Tom Goodwin is evp, head of innovation at Zenith, a part of Publicis Media.
In a week where Facebook bowed its TV app with Samsung as a launch partner and Google launched a YouTube TV channel, we have to ask what this means for TV and then every other channel. We’ve always split vertically, from newspapers to outdoor, TV to cinema and from traditional to digital. And everything new from — social to mobile — we’ve added on as a new vertical silo. Yet when all devices do everything, the line between radio and streaming, TV and video bends and blurs.
Twitter is now broadcasting live sports. Apple has a radio station; YouTube has 2,000 channels with over a million subscribers; Facebook is undoubtedly about to become the largest TV channel ever known overnight. Amazon’s Echo is a whole new media channel, while print publishers are heavily into Snapchat. Change is everywhere.
We all need to think differently. We need to think horizontally.
Here is a look back at where we’ve been. And, without a doubt, where we’re heading in this post-digital dawn:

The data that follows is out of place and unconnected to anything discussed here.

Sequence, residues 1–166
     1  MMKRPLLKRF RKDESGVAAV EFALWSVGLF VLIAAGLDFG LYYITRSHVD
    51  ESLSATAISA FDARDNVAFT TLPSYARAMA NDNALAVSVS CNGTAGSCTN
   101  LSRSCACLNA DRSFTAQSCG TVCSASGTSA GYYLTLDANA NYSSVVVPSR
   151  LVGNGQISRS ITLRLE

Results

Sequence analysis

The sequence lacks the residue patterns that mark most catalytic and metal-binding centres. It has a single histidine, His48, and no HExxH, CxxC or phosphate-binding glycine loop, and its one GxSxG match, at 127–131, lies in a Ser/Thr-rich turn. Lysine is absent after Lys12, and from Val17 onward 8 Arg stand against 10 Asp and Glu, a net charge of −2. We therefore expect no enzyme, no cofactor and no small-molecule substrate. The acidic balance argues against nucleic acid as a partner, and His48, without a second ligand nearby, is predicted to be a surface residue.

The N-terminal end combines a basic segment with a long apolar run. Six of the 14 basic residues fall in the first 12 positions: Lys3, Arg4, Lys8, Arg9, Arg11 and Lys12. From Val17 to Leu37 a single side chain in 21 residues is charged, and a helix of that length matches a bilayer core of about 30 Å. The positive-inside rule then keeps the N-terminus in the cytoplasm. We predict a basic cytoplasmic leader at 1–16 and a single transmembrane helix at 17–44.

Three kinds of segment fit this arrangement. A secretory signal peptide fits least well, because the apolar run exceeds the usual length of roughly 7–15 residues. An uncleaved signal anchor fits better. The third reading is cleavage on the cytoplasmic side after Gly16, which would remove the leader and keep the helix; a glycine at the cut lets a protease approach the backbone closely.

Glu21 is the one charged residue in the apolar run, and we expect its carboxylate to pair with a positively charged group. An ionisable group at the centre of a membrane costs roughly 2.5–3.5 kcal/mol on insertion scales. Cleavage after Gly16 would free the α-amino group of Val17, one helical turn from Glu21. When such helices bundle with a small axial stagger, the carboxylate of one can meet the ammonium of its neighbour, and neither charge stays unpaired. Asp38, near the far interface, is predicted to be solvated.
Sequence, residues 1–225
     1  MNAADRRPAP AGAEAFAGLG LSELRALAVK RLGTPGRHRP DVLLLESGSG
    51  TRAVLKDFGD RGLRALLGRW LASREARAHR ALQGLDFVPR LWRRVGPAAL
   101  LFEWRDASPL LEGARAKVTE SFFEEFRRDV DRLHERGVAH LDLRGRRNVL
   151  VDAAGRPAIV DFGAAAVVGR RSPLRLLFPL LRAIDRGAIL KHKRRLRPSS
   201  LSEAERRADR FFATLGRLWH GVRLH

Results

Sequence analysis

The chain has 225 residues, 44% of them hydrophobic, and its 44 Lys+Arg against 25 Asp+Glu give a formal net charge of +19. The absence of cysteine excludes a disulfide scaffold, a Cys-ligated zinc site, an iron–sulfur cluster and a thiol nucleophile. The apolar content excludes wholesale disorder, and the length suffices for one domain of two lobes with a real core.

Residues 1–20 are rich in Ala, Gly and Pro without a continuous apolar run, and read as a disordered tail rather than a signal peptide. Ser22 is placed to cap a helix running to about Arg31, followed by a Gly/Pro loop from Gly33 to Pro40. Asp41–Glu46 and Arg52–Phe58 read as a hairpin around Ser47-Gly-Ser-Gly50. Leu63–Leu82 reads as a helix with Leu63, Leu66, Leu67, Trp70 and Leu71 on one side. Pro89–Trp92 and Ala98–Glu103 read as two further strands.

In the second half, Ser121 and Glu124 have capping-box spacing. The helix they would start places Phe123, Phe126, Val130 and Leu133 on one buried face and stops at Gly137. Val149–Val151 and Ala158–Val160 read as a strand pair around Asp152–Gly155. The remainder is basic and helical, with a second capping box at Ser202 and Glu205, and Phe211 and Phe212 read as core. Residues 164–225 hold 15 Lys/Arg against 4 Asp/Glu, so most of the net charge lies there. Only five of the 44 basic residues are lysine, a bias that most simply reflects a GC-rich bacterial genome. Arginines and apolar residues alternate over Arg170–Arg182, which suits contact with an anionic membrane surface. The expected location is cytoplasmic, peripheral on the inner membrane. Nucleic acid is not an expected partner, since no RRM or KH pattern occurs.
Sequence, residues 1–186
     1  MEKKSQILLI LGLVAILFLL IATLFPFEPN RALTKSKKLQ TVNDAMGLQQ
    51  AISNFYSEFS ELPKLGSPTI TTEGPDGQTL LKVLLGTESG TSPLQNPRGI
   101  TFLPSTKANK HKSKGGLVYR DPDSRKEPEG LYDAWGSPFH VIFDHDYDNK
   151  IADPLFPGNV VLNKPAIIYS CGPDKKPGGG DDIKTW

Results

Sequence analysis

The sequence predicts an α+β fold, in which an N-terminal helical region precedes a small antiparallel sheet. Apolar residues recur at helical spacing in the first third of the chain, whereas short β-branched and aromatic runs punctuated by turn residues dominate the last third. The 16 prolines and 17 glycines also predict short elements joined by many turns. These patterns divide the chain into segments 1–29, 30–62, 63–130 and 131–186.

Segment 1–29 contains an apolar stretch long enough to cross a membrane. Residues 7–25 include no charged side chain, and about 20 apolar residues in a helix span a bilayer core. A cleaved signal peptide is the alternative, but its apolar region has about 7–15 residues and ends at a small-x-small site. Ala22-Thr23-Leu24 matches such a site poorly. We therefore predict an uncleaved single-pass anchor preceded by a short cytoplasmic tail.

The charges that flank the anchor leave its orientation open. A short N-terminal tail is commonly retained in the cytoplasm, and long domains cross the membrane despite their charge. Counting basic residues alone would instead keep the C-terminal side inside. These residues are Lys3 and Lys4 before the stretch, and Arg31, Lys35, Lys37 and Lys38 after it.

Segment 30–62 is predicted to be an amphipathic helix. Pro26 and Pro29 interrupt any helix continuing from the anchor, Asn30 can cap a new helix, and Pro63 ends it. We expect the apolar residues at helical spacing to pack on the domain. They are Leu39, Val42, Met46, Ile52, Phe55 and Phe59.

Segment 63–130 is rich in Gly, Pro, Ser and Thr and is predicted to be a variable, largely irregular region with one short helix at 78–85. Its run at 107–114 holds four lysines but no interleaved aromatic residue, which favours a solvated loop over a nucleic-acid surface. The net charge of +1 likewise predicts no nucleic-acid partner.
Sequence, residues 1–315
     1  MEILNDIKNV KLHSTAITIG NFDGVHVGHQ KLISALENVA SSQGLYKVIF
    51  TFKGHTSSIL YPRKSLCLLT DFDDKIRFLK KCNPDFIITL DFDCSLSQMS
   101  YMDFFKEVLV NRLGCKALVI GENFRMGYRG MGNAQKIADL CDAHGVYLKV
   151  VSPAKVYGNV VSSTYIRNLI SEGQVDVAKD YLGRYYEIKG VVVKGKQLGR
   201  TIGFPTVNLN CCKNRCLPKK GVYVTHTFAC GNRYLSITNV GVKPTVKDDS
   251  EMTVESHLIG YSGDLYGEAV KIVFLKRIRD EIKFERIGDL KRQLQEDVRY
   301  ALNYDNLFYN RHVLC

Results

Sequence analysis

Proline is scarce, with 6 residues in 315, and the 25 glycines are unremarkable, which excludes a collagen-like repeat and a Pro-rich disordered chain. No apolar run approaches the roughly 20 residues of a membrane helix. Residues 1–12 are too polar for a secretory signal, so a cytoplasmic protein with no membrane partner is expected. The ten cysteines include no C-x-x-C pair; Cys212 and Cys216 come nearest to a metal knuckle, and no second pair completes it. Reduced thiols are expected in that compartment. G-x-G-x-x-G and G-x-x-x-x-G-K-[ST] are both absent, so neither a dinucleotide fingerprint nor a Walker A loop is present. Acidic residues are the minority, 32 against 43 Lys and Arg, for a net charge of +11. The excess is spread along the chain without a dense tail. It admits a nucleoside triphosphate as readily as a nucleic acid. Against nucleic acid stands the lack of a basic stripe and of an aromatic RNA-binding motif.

Vertical channels: The pre-digital age
Since the dawn of advertising and media we’ve held the notion of media as a channel. These were confined units, mainly separate business entities, and all named after the physical devices we used to consume media on them: On TV sets we watched TV, made by TV production companies, curated by TV channel executives that we navigated by TV channels that came to us either from TV masts and TV broadcasters or from cable TV companies.
On the radio, we listen to radio stations with radio programs from radio masts, with radio ads. Newspapers are vertical channels of newspaper editors, newspaper mastheads, newspaper journalists, newspaper ads. And finally both magazines and outdoor media created their own distinct vertical silos.
Incremental vertical channels: The early digital age
The muscle memory of building vertical channels continued when the internet was born.
We replaced both the form and function of existing pre-digital units by first creating the internet vertical with ISPs, online portals, web editors, digital journalists and photographers, and of course digital advertising and digital agencies.
With the popularization of Facebook, Twitter, Instagram and more, we added social media as a channel. We created infrastructure, roles and strategies, to deal with the precise new skills we needed to perfect media in an age of sharing.
Then came mobile and with it apps, mobile advertising, mobile ad networks, and mobile journalists making mobile content from mobile strategies.